Story: Spiders and other arachnids

Page 3. Mygalomorphs – tarantula relatives

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Only about 10% of New Zealand spiders are mygalomorphs, but this group includes some of the more spectacular species.

Most New Zealand mygalomorphs are large and stocky, with a body length up to 3 centimetres, and are related to tarantulas. Mygalomorphs have to strike downwards at their prey, and their fangs move up and down.

Catch a beetle

If you rest your hand on the ground, then raise the two fingers next to your thumb like a spider’s fangs, you will see how you have to lift your hand slightly.Your finger fangs can stab at the beetle that just walked by. This is how mygalomorph spiders strike at their prey.

Tunnel-web spider

The tunnel-web spider Porrhothele antipodiana (Family Hexathelidae) is found throughout New Zealand. Living among logs and loose stones, it builds silken tunnels along which it can quickly reach prey or run away from predators.

Although closely related to the very venomous Australian funnel-web Atrax robusta, tunnel-webs are harmless. However, they have big fangs and have been known to bite.

Trapdoor spider

The common trapdoor spider (Misgolas species) lives in a silken tube with a hinged trapdoor at the top. It waits with its front legs poking out from beneath the lid, and detects the vibrations of insects walking near the trapdoor. When the insect is within striking distance, the trapdoor flies open, and the spider leaps from the burrow and pulls the prey down the tube. The remains of victims are left next to the trapdoor.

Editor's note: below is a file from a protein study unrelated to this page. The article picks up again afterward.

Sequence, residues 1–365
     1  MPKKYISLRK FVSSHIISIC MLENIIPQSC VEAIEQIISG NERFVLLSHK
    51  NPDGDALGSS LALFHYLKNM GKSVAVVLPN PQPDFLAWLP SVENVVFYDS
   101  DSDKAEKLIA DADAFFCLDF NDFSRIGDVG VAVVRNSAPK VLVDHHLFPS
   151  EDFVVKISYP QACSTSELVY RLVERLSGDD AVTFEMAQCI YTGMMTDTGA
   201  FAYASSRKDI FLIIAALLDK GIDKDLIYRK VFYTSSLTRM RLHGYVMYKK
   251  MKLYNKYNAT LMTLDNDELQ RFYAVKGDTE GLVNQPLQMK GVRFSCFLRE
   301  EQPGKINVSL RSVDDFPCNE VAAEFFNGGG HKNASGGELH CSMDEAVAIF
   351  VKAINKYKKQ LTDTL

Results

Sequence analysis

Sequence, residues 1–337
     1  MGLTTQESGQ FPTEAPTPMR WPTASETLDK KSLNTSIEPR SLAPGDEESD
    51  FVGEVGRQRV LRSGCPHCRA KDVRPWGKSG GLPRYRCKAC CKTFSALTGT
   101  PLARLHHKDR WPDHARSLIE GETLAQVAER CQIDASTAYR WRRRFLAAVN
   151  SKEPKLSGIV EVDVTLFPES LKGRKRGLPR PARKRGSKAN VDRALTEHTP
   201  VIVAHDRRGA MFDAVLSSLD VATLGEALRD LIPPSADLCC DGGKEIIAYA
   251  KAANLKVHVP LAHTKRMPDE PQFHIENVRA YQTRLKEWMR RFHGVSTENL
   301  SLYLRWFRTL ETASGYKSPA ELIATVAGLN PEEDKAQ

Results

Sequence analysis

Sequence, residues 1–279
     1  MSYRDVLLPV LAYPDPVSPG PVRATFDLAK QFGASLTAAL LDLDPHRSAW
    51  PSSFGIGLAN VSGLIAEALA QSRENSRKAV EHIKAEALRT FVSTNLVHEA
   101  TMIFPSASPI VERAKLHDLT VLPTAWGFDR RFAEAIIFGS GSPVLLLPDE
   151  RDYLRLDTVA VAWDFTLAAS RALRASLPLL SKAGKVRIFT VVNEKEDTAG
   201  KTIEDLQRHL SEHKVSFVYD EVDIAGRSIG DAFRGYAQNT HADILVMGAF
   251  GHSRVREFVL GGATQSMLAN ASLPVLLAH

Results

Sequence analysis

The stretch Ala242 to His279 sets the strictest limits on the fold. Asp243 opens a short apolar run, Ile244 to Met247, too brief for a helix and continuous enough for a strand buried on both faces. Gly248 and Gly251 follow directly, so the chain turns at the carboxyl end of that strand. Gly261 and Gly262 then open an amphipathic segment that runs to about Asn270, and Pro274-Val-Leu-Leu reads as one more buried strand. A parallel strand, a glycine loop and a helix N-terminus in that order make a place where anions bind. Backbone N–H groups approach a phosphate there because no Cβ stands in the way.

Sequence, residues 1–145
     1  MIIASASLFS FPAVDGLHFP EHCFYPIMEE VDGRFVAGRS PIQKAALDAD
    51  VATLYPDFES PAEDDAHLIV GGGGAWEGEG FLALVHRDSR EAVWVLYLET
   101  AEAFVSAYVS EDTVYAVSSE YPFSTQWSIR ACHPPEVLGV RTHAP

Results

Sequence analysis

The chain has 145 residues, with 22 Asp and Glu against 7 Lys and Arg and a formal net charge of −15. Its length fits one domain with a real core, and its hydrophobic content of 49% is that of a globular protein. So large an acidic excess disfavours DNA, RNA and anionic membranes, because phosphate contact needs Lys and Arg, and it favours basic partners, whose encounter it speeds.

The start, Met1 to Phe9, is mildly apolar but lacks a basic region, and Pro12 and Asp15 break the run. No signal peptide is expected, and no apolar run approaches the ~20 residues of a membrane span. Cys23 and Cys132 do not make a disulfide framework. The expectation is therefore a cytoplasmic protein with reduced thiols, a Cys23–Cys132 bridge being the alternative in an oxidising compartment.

New Zealand cave spider

The unique New Zealand cave spider, Spelungula cavernicola, has some features that are intermediate between mygalomorphs and araneomorphs.

Discovered in the Ōpārara caves near Karamea in 1957, it has since been found in other caves. It lives in the twilight zone near the mouth of caves rather than in full darkness, and feeds mainly on cave wētā, supplemented by blowflies.

Some cave spiders hang from the roof of caves on draglines, and feed and moult in this position. There are records of a cave spider grabbing a wētā, then letting itself down on a dragline, wrapping the prey in silk and eating it.

How to cite this page:

Simon Pollard, 'Spiders and other arachnids - Mygalomorphs – tarantula relatives', Te Ara - the Encyclopedia of New Zealand, (accessed 7 December 2023)

Story by Simon Pollard, published 24 Sep 2007